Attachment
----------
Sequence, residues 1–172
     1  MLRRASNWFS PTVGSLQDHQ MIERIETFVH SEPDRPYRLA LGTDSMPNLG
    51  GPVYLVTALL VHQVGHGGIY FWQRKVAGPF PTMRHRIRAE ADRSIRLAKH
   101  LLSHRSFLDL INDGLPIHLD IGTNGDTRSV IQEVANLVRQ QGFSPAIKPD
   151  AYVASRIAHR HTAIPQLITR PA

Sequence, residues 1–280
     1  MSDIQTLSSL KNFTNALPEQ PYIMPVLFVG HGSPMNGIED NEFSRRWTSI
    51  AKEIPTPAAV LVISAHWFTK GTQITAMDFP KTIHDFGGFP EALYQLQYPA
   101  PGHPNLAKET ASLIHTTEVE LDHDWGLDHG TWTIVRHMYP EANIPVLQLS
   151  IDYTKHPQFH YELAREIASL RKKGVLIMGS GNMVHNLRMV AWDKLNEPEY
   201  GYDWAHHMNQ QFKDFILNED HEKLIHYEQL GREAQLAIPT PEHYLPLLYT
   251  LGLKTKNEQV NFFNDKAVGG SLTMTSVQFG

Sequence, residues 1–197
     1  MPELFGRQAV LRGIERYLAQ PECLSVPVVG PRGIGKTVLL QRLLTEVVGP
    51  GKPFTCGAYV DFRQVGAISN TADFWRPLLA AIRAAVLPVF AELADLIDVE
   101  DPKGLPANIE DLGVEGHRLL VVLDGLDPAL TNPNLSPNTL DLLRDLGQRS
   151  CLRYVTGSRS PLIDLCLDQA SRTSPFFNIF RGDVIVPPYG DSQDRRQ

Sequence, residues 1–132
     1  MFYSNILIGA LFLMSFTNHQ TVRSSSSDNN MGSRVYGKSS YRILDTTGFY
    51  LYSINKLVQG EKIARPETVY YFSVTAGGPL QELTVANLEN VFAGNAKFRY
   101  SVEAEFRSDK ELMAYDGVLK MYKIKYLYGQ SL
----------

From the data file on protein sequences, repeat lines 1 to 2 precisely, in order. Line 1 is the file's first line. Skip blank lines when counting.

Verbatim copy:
Sequence, residues 1–172
     1  MLRRASNWFS PTVGSLQDHQ MIERIETFVH SEPDRPYRLA LGTDSMPNLG